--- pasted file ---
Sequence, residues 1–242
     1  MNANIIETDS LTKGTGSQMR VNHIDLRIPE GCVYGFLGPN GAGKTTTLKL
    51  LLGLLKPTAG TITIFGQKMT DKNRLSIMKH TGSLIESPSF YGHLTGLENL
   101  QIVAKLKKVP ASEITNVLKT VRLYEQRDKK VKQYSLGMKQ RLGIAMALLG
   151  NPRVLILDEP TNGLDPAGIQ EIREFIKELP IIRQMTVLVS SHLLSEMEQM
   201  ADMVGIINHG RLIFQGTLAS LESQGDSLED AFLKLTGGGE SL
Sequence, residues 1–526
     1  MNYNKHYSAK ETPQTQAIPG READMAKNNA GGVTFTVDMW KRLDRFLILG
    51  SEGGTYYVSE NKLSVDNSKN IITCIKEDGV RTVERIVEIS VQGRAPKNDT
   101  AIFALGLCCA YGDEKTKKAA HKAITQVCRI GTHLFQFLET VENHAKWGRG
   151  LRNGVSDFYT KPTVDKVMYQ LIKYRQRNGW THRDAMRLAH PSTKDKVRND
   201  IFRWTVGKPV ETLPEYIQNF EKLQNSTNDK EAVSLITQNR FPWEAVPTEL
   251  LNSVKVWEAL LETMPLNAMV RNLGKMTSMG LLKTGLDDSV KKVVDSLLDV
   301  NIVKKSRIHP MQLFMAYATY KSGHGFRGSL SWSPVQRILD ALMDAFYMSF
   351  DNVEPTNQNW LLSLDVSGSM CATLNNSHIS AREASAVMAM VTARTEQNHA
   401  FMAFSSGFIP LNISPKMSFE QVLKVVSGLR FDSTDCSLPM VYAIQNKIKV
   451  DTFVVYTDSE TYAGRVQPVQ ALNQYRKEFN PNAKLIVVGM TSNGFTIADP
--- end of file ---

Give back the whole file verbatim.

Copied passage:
Sequence, residues 1–242
     1  MNANIIETDS LTKGTGSQMR VNHIDLRIPE GCVYGFLGPN GAGKTTTLKL
    51  LLGLLKPTAG TITIFGQKMT DKNRLSIMKH TGSLIESPSF YGHLTGLENL
   101  QIVAKLKKVP ASEITNVLKT VRLYEQRDKK VKQYSLGMKQ RLGIAMALLG
   151  NPRVLILDEP TNGLDPAGIQ EIREFIKELP IIRQMTVLVS SHLLSEMEQM
   201  ADMVGIINHG RLIFQGTLAS LESQGDSLED AFLKLTGGGE SL
Sequence, residues 1–526
     1  MNYNKHYSAK ETPQTQAIPG READMAKNNA GGVTFTVDMW KRLDRFLILG
    51  SEGGTYYVSE NKLSVDNSKN IITCIKEDGV RTVERIVEIS VQGRAPKNDT
   101  AIFALGLCCA YGDEKTKKAA HKAITQVCRI GTHLFQFLET VENHAKWGRG
   151  LRNGVSDFYT KPTVDKVMYQ LIKYRQRNGW THRDAMRLAH PSTKDKVRND
   201  IFRWTVGKPV ETLPEYIQNF EKLQNSTNDK EAVSLITQNR FPWEAVPTEL
   251  LNSVKVWEAL LETMPLNAMV RNLGKMTSMG LLKTGLDDSV KKVVDSLLDV
   301  NIVKKSRIHP MQLFMAYATY KSGHGFRGSL SWSPVQRILD ALMDAFYMSF
   351  DNVEPTNQNW LLSLDVSGSM CATLNNSHIS AREASAVMAM VTARTEQNHA
   401  FMAFSSGFIP LNISPKMSFE QVLKVVSGLR FDSTDCSLPM VYAIQNKIKV
   451  DTFVVYTDSE TYAGRVQPVQ ALNQYRKEFN PNAKLIVVGM TSNGFTIADP